¶13 Wisconsin courts have a long history with criminal and civil commitment orders, as well as orders for involuntary medication in both contexts. Despite this long history, many questions remain unresolved.
¶14 In the criminal context (Wis. Stat. ch. 971), it is likely that the substantial number of cases that have come to us reflects the difficulty imposed on circuit courts that must balance a prisoner's significant liberty interest to avoid forced medication against the State's significant interest in prosecuting defendants for the commission of a serious crime. Sell, 539 U.S. at 178, 123 S.Ct. 2174 (quoting Washington v. Harper, 494 U.S. 210, 236, 110 S.Ct. 1028, 108 L.Ed.2d 178 (1990)). See e.g., State v. Anderson, No. 2020AP819-CR, Green, 401 Wis. 2d 542, 973 N.W.2d 770, State v. Yakich, 2022 WI 8, 400 Wis. 2d 549, 970 N.W.2d 12, State v. Fitzgerald, 2019 WI 69, 387 Wis. 2d 384, 929 N.W.2d 165.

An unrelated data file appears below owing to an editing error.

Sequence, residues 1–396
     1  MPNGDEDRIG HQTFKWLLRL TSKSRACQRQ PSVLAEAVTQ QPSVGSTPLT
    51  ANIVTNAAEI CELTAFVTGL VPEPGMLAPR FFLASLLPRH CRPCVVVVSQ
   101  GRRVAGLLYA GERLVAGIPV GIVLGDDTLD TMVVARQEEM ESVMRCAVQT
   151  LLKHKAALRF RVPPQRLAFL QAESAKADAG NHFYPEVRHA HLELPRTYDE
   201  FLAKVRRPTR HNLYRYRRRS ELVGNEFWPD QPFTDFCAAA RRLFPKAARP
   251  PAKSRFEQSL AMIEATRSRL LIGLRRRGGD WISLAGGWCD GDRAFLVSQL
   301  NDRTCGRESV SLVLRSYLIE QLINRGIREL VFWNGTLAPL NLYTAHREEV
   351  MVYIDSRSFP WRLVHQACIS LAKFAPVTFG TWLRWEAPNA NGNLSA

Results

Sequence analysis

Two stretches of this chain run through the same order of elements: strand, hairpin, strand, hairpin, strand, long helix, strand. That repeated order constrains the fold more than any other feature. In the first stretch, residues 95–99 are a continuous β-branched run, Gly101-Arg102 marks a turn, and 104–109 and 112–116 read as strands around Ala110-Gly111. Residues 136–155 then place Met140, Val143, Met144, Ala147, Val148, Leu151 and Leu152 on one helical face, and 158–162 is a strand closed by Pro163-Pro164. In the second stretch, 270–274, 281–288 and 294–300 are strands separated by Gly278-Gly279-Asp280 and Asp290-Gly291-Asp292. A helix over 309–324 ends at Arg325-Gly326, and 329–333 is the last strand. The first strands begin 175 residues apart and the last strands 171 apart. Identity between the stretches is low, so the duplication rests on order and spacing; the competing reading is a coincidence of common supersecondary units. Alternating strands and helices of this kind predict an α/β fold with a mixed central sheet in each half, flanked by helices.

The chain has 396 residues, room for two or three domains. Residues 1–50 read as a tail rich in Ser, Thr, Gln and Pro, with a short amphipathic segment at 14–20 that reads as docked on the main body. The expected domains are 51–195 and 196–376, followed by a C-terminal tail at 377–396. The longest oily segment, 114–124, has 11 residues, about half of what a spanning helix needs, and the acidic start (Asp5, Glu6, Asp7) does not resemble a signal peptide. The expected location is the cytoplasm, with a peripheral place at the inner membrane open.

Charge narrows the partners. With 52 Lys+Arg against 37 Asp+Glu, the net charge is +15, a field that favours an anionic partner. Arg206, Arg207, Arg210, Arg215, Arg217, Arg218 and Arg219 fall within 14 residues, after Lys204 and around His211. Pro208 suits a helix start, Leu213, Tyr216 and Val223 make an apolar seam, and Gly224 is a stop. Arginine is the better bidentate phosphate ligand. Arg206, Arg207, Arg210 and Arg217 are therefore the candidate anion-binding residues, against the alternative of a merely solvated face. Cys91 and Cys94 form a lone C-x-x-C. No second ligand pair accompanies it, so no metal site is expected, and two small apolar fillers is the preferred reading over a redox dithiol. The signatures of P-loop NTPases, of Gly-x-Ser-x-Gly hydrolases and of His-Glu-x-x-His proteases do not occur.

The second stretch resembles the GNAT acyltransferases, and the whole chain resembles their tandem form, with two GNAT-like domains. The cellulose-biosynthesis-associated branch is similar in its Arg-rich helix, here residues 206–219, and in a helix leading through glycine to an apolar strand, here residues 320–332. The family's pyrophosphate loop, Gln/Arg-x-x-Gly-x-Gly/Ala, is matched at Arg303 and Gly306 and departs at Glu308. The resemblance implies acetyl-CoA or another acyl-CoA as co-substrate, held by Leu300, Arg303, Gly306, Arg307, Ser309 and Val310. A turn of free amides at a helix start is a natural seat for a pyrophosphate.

¶15 The legal terrain reflects the complex reality of involuntary medication orders to regain competency. In Fitzgerald we comprehensively reviewed the constitutional foundation, as developed in case law. Id., ¶¶13-18, 929 N.W.2d 165. There, we underscored the root of an individual's “significant liberty interest” in avoiding antipsychotic drugs is secured by the Due Process Clause. Id., ¶13, 929 N.W.2d 165, (quoting Harper, 494 U.S. at 221, 110 S.Ct. 1028). We then summarized Sell, which announced a four-factor test “to determine whether such [involuntary] medication is constitutionally appropriate,” and which also asserted that “administration of drugs solely for trial competence purposes ․ may be rare.” Fitzgerald, 387 Wis. 2d 384, ¶13, 929 N.W.2d 165 (citing Sell, 539 U.S. at 179, 180, 123 S.Ct. 2174).